Contravariance

Covariance & Contravariance are one of the most confusing terms in C#, no surprise it’s very popular for geeky questions in job interviews. Any time someone mentions those terms, it takes quite a while to refresh my knowledge about it. So, I decided to write a couple of posts explaining them in the simplest and shortest way, with pointing out key features.

Contravariance:

 

Contravariance is polymorphism expressed through generic types in interfaces and their implementations. It is expressed through assignments of generic types with less derived generic parameters into generic interfaces with more derived generic parameters.

 

Sounds complicated? 🙂 Let’s examine the following code snippet:


    class Program
    {
        public interface ICurrencyProps<in TCurrency>
        {
            void Set(TCurrency currency);
        }

        public class CurrencyProps<TCurrency> : ICurrencyProps<TCurrency>
        {
            public void Set(TCurrency currency) {  }
        }

        public class Currency { }

        public class Euro : Currency { }

        static void Main(string[] args)
        {
            //we cannot use polymorphism in the following way (we all know that)

            Euro eur = new Currency();

            //but with contravariance, we can do something like this:

            ICurrencyProps<Euro> euroProps = new CurrencyProps<Currency>();

            euroProps.Set(new Euro());
        }
    }

 

What happens in the second last line of Main method? We have less derived generic type in right hand side declaration (Euro) and more derived generic type in left hand side declaration (Currency). Before contravariance was introduced, ICurrencyProps<Currency> and CurrencyProps<Euro> were like apples and frogs – completely different types, because closed generic types are still just types. With contravariance in place, polymorphism is lifted up from dimension of matching classes by inheritance to dimension of maching generic interface with generic implementation by inheritance of generic type parameters. So, when you put IN keyword in interface declaration, the above code is possible to compile.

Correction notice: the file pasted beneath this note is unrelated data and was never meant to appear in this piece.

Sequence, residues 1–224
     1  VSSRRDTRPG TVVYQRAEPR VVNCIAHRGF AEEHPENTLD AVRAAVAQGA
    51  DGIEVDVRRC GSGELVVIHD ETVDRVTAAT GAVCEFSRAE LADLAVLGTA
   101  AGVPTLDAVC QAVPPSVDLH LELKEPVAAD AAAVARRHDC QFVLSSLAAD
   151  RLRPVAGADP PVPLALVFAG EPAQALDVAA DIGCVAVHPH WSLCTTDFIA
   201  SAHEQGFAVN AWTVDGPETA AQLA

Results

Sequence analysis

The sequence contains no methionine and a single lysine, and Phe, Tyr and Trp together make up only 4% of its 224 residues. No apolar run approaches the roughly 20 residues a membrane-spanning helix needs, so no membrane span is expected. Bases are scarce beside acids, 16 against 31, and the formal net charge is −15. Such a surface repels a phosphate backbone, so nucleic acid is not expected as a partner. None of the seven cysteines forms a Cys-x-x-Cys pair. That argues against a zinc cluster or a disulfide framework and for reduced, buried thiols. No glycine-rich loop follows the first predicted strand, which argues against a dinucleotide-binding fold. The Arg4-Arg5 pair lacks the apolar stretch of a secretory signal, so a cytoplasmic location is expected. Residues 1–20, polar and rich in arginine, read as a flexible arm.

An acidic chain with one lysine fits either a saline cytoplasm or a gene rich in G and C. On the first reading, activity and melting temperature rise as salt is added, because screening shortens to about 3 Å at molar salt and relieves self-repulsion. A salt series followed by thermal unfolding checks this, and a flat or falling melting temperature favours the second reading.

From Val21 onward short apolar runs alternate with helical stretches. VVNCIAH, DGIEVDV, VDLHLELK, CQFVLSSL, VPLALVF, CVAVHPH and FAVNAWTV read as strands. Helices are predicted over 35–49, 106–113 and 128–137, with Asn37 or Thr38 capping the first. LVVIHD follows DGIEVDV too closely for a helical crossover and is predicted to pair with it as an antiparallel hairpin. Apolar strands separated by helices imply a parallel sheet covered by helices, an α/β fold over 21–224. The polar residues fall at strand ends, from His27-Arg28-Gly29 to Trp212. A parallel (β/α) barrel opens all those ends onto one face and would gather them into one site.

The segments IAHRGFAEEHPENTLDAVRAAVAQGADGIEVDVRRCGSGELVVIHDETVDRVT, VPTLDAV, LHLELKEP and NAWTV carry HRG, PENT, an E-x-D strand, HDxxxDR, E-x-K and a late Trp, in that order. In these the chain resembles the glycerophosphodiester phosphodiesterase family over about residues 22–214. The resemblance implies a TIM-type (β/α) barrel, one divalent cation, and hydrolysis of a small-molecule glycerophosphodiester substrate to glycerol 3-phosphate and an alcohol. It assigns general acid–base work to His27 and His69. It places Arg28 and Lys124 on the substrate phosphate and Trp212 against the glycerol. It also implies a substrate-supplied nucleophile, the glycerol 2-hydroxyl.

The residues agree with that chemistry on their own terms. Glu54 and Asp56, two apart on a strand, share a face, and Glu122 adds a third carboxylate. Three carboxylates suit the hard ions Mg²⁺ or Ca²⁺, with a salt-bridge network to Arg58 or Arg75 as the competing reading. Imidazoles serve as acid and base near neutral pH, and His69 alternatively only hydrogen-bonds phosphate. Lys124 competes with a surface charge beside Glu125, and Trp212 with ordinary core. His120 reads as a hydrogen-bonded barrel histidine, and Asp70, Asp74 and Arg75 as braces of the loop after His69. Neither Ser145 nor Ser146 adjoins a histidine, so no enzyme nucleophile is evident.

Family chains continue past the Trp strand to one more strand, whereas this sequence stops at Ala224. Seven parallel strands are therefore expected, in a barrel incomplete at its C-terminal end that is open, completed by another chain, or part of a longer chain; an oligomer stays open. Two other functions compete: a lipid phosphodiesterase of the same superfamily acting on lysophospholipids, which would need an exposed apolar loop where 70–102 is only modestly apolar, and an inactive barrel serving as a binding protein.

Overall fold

Further, it’s now easier to understand why contravariance came with a cost:

 

Contravariant generic types in interface definition are marked with IN keyword.  Contravariant generic types in interface implementation can be used only as input values.

 

Why is that so? Imagine there is no ‘input values only’ restriction – let’s try to use generic type parameter as output value:


   public interface ICurrencyProps<in TCurrency>
   {
       TCurrency Get();
   }
   //...
   ICurrencyProps<Euro> euroProps = new CurrencyProps<Currency>();
   //...
   var euroCurr = euroProps.Get();

 

Through new features of allowing contravariant generic types assignment, we allowed another logically impossible scenario. Regardless of the declaration type of euroProps, it’s still esentially a CurrencyProps<Currency>(). The consequence is that Get() method will return nothing less then Currency. But it’s not good enough for us! We need nothing less then Euro.
That’s why without IN keyword you would get an syntax error while trying to even use contravariant generic type as output parameter:

 

  • Invalid variance: The type parameter ‘TCurrency’ must be covariantly valid on ‘Program.ICurrencyProps.Get(TCurrency)’. ‘TCurrency’ is contravariant

 

Summary: When trying to understand and remember what is contravariance, just recall few things that will fall in place:

  • it is related to generic interface definition and their implementation
  • it is defined by IN keyword beside generic type parameters in interface definition
  • it opens new dimension for polymorphism over generic interface/implementation type assignment
  • it limits the options for contravariant generic type parameters in interface implementation to be used only as input values

Continue reading about Covariance.

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